As usual, animals showed us the way.
Humans have long loved to use natural substances to alter their perceptions. Whether it’s as simple and fleeting as the headrush of tobacco or the heady warmth of a strong drink, or as intense and profound as ayahuasca or peyote, we’ll travel great distances and endure considerable discomfort just to momentarily step outside our routine consciousness.
But what about other creatures on this earth? Are we alone in this behaviour?
Turns out, no. Many other members of the animal kingdom sample psychedelics as enthusiastically as we do. Humans are, after all, an animal like any other.
An antidote to boredom
In 2010 Andrew Haynes wrote in the Pharmaceutical Journal about the phenomena of animals that seek out psychoactive compounds. He concludes that, just like us, wild creatures ingest these substances as a cure for boredom, a way to upend everyday perspective. In fact, Haynes posits that in most cases mankind discovered the psychoactive substances we enjoy today by observing the habits of animals.
The quest to get stoned is so widespread in the animal kingdom, in fact, that author Ronal Siegel, a UCLA psychopharmacologist, asserts that “the pursuit of intoxication with drugs is a primary motivational force in the behavior of organisms.”
So which animals are we talking about, and where do they score?
Animals everywhere seek out psychedelics
Well, just about everywhere: a diverse set of animals across the globe seek out an equally varied catalogue of mind-altering chemicals, including deep in jungles and on exposed mountain slopes, beneath snow and under waves.
Reindeer in the frigid Siberian tundra sniff out out fly agaric mushrooms, sometimes also known as amanita muscaria––the quintessential red-domed, white spotted archetype we see when we think of “magic mushrooms” in pop culture––beneath the crust of lingering spring snow. They’re after the compound muscimol and its sedative and hallucinogenic effects.
We must note that these mushrooms are highly toxic and a deliriant, as opposed to the more palatable psilocybe cubensis mushrooms most people enjoy. Most humans eating amanita muscaria directly will have a pretty rough time. But as we’ll see shortly, there is a way for homo sapiens to safely enjoy them, too.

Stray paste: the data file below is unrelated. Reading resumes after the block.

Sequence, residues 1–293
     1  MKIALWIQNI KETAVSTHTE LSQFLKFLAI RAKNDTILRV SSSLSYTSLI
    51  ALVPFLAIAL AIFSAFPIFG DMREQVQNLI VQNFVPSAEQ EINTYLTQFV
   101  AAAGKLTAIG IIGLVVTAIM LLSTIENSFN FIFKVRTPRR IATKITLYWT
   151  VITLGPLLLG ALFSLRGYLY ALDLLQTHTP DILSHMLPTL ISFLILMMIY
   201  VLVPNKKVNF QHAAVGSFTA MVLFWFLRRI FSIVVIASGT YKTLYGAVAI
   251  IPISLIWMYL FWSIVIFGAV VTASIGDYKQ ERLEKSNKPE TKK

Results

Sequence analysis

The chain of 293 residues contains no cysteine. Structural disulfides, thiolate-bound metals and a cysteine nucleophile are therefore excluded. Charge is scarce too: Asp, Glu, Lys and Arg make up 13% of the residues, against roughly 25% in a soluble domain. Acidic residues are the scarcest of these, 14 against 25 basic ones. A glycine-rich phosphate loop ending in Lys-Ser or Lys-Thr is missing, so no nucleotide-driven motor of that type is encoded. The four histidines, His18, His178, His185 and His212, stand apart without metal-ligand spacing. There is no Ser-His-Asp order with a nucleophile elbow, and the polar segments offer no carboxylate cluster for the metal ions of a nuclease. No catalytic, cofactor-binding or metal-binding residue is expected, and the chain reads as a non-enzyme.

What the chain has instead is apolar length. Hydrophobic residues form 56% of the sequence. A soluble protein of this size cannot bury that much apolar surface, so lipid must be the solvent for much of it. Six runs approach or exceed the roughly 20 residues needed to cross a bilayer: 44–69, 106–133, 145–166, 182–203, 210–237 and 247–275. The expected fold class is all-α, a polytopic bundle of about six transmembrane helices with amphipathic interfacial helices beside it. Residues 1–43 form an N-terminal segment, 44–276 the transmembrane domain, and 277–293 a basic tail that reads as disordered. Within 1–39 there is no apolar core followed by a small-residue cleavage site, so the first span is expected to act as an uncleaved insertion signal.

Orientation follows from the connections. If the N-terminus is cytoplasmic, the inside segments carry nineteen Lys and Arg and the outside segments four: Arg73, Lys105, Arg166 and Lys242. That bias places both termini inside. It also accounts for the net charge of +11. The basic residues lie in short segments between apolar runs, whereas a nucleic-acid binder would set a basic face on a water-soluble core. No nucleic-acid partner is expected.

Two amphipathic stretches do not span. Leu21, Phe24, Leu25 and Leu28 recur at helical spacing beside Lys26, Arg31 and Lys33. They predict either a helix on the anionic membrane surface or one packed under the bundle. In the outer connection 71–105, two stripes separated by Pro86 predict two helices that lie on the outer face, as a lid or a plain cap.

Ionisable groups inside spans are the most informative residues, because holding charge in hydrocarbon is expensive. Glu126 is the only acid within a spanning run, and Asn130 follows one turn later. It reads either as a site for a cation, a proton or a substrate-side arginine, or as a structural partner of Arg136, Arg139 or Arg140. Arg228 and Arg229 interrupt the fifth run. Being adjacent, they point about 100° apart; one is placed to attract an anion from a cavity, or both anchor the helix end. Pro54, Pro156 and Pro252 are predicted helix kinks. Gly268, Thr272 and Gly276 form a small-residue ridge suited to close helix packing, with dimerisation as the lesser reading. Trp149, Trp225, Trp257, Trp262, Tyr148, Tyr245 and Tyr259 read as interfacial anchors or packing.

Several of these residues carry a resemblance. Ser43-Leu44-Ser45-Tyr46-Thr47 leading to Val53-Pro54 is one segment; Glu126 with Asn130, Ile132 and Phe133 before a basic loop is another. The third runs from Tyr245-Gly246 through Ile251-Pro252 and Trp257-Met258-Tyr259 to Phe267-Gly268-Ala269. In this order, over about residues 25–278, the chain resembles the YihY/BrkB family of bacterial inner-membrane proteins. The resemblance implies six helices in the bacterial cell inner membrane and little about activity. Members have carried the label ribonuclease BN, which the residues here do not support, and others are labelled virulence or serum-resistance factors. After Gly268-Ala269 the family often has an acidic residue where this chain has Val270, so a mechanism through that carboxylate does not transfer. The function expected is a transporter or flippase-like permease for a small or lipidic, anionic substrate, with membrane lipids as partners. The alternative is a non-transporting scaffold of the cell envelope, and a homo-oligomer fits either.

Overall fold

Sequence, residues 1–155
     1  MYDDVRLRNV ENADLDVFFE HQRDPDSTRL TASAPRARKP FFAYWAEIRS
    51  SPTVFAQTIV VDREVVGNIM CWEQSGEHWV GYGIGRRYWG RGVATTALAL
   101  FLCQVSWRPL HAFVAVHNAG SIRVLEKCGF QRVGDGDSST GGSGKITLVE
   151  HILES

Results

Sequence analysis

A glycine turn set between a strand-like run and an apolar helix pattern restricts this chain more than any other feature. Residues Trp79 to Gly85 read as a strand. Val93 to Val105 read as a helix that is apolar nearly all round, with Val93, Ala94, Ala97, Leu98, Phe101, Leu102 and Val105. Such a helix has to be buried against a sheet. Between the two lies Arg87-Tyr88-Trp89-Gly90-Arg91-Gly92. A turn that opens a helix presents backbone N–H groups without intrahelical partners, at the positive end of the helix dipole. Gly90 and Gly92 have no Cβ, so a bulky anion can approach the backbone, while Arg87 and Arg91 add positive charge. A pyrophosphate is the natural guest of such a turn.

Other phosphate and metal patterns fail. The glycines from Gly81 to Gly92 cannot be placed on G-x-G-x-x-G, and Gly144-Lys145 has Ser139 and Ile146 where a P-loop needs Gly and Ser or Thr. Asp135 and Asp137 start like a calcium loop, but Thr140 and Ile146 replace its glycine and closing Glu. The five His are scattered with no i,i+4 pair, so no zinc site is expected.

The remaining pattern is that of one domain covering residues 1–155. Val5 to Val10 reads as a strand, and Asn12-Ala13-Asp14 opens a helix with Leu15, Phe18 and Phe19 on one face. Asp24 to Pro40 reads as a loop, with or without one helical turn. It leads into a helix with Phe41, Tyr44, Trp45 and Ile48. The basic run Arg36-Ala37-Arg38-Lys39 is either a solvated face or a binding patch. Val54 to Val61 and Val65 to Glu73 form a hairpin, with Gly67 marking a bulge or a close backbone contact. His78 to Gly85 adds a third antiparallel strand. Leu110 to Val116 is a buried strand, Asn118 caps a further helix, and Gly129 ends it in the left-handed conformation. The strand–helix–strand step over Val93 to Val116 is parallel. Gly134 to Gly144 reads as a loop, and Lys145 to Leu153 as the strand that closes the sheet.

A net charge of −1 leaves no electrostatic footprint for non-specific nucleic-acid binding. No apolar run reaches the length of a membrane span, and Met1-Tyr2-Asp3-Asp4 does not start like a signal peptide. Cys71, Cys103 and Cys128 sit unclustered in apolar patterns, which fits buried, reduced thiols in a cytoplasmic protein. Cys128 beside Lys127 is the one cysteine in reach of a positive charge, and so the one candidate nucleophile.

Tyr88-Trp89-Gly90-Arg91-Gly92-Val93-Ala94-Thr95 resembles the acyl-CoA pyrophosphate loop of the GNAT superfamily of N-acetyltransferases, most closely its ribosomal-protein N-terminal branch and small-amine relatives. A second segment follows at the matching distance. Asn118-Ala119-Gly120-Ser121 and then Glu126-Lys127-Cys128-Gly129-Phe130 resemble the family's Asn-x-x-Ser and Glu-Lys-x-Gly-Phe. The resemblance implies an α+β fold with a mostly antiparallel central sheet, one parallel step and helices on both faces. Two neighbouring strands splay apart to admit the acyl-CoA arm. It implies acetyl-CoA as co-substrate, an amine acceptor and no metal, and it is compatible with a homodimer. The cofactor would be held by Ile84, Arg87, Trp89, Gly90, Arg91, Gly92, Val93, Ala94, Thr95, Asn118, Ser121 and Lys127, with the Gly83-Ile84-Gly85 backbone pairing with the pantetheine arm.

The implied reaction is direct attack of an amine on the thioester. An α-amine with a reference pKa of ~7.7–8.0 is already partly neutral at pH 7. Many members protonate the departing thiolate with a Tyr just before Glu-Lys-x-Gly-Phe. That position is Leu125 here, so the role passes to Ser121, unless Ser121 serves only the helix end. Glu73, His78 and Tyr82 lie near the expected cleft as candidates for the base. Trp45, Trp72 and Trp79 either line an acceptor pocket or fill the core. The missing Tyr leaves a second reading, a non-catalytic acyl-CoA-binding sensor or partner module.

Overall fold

Siberian peoples noticed deers staggering around drunkenly and making strange noises. Stranger still, they saw that other deer in the herd would fight over the urine of the affected member. Curious, some tribes began to collect and drink that urine themselves. They quickly found themselves embarking on their own trips.
Unpleasant as it sounds, drinking the urine is much preferable to consuming the mushrooms raw. In passing through the animal’s system the toxins are largely filtered out and the psychoactive compounds concentrated. Sipping the urine actually delivers a much more potent high while avoiding unpleasant side-effects like nausea, seizures, and death.
It’s thought that tales of stoned reindeer might have provided the origins for the myth of Santa’s team of flying reindeer.
Meanwhile, in the considerably warmer Amazon rainforest, jaguars will chew the leaves of the yagé vine (Banisteriopsis caapi), a primary ingredient of Ayahuasca. While yagé doesn’t itself contain the same potent psychoactives as Ayahuasca, it does make them orally active, and even on its own sends the cats on quite a trip.
Perhaps it was this behaviour that inspired indigenous Amazonians to begin feeding their dogs small doses of psychedelics centuries ago in the belief it enhances their hunting abilities.
In other jungles across the globe, the Mandril, a type of baboon native to West Africa, eats the roots of the Iboga shrub, which contains Ibogaine, a psychoactive compound. It’s thought the compound helps in their battles for dominance by increasing aggression and numbing pain.
Nor is this behaviour relegated strictly to land. In 1995 marine biologist Lisa Steiner observed dolphins near the Azores islands swimming about with puffer fish pinched gently between their jaws. Occasionally the dolphins would give the puffer a little squeeze, releasing enough neurotoxin to induce a slight trancelike state but no ill effects. The dolphins even passed the poor puffers to their podmates, ensuring everyone got a dose. It brings new meaning to the phrase “puff, puff, pass.”
Animals lead the way
Animals seem to be getting high almost anywhere you look: Bighorn sheep scraping up psychoactive lichen in the Canadian Rockies; Wallabies in Australia devouring poppy fields in search of opium; birds, bats, and bees getting drunk on nectar and fermented fruit. It seems the quest for an altered perception is more inherent to life on earth than we first thought.
The real question seems to be, “If animals didn’t seek out psychedelics, would people?” And the obvious answer is probably not. They’re the ones that found them first and showed us the way.